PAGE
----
Bio: Only include bios of people who are relevant to the pitch.
A bio of your sales manager in a press kit designed to support a
claim of technological superiority is pointless. A bio of your
head of R&D is valid. Keep bios short (three paragraphs at the
most) and include only information relevant to the pitch. The
fact your head of R&D spent twenty years at NASA is relevant,
that she loves golf and has two cats isn't. The point of a bio:
to show the legitimacy of those quoted in your release or being
offered for interview, and to help the reporter craft a short
description of the person when writing the piece.

Fact Sheet: The fact sheet should distill the entire press kit
into an "at a glance" document. Keep it short, use bullet points
and bold headings. For example, I might start with the heading
The Story: and include a bullet point repeating the pitch. The
next heading might be Why It's Important: followed by some
bullet points putting the pitch into a broader industry-wide (or
perhaps even worldwide) context. Finally, I might use the
heading Why (name of my company) is at the Heart of this Vital
Story: and run some bullet points taken from the backgrounder
giving support to my claim. Put this fact sheet at the front of
the left side of the folder, just across from the lead release.
This sort of fact sheet is amazingly powerful and almost never
crafted in the fashion I just laid out. I've sold countless
stories because of this style of fact sheet and you can too.

Other Stuff: Filling out the kit with a company brochure and a
photo or two is reasonable, but don't get carried away. Keep your
kit simple, stick to your clincher and think like a journalist,
not a marketer, and you'll have crafted a first class press kit!

Bill Stoller, the "Publicity Insider", has spent two decades as
one of America's top publicists. Now, through his website, eZine
and subscription newsletter, Free Publicity: The Newsletter for
PR-Hungry Businesses http://www.PublicityInsider.com/freepub.asphe's sharing -- for the very first time -- his secrets of scoring
big publicity. For free articles, killer publicity tips and
much, much more, visit Bill's exclusive new site:
http://www.PublicityInsider.com

In The News:

PR As Lifelong Learning  The Holmes Report
Real-Life Experience is the New PR  PR News - For Smart Communicators
Delhicious win for Avant PR  Prolific North
PR Lessons from G/O Media's Fallout with Deadspin Staff  PR News - For Smart Communicators

A Guide to Optimizing Public Relations Content

This guide to "SEOing" your PR efforts can help you... Read More

The MOST Powerful Marketing and Advertising on the Planet!

It sounds too simple to be true, but it really... Read More

Media Training 101: When 60 Minutes Knocks On Your Door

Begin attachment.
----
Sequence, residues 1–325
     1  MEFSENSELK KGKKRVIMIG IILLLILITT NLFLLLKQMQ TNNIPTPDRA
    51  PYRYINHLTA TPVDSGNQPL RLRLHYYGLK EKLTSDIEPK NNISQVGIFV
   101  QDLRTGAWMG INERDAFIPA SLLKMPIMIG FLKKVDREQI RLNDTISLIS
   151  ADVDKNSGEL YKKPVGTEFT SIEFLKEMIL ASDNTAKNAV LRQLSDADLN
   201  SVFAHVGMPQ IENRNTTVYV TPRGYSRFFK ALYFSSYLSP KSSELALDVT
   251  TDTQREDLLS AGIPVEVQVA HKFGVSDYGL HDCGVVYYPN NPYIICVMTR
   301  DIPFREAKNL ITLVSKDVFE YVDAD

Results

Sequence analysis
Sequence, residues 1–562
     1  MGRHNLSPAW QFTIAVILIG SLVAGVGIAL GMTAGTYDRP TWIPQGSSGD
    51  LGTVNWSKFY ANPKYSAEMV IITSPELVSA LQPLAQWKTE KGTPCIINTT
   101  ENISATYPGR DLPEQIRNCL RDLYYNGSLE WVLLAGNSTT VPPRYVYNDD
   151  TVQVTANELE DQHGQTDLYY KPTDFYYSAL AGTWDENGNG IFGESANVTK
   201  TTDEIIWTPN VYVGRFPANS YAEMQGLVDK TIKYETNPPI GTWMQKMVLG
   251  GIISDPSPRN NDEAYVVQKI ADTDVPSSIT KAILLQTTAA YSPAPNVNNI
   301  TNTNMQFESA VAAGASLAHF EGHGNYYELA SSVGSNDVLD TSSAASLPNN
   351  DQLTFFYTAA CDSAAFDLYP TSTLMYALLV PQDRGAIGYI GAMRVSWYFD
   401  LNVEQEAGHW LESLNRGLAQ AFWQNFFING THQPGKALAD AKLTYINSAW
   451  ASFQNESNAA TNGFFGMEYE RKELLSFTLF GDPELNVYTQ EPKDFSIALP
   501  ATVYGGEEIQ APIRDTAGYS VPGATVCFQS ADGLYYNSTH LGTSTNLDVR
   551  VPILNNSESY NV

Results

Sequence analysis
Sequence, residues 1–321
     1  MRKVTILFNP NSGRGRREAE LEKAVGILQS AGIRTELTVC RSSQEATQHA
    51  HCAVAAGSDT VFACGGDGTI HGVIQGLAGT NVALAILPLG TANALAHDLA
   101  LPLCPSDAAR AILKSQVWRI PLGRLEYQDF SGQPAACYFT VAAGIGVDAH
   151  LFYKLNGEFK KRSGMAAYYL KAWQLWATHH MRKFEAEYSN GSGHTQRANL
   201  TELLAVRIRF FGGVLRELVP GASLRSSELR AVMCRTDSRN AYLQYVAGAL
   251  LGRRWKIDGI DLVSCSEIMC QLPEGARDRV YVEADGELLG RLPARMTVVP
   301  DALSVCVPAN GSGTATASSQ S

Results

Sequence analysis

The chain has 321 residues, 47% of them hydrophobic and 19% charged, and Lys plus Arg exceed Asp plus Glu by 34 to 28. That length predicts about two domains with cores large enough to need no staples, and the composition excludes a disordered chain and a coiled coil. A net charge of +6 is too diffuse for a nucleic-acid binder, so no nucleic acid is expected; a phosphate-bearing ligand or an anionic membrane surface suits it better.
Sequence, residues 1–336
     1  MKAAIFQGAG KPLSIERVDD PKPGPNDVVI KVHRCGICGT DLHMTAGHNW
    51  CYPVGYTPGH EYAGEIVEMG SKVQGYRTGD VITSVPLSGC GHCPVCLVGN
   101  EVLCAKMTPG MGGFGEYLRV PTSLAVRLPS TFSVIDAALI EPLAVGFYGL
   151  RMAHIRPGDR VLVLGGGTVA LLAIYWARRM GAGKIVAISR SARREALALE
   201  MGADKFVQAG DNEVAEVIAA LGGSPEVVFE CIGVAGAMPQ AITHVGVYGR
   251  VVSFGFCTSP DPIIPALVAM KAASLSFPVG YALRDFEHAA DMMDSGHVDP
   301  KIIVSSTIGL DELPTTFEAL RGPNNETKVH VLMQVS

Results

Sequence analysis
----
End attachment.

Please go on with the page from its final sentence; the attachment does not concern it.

You never know when 60 Minutes will knock on your... Read More

How to Write News Releases that Get Noticed

What do you do with junk mail? Are you like... Read More

Building Community Support for Project Permitting, Construction, and Marketing

Redevelopment is replacing new construction throughout the Greater Boston area,... Read More

Managers: Can We Agree on This?

Your public relations effort really should involve more than press... Read More

Make Front Page News By NOT Inviting The Media

Not a single reporter showed up at our news event.... Read More

How To Write A Press Release: The Seven Deadly Sins And How To Avoid Them

How to write a press release that generates free publicity... Read More

Managers: Super-Charge Your PR

Ain't a gonna happen unless business, non-profit and association managers,... Read More

How to Work with Newspaper Photographers

The next time a newspaper photographer takes your photo, remember... Read More

Maybe the Strongest PR on Planet Earth?

Strong for business, non-profit and association managers when they use... Read More

PR Is Just Smart Business

The name of the game is doing our part to... Read More

How Public Relations Changes Minds

Public relations changes minds in the process of delivering what... Read More

Top Ten Tips for Writing your Best Press Release Ever

Keep these few crucial details in mind when writing and... Read More

Post Your Press Release Online ? For Free!!

Are you launching a new product or website? Announcing a... Read More

When Managers Play the PR Card

The payoff for business, non-profit or association managers can be... Read More

PR: Lets Cut to the Chase

If your key ? that's KEY ? outside audiences don't... Read More

A Company That Doesnt Need Public Relations?

Really? You mean there are NO perceptions and behaviors peculiar... Read More

Media Training - Essentials for ALL Office Professionals

Often the first point of contact the media has with... Read More

GETTING YOUR MESSAGE ACROSS

You have a story to tell. Your company has developed... Read More

Marketing-Minded Financial Planners, the Media Wants to Give You Free Publicity

In this great country of ours, there are basically three... Read More

Publicity - The Right Media Person to Call for Free Publicity

You won't accomplish much if you call the gas company... Read More

Franchise Work Vehicles Should Have a Flag on Them

If you own a franchise and have company vehicles, be... Read More

Public Relations Productivity

Should it be measured in "publicity by the pound," or... Read More

PR: Heres All You Need to Know

Above all, you need to know that the right PR... Read More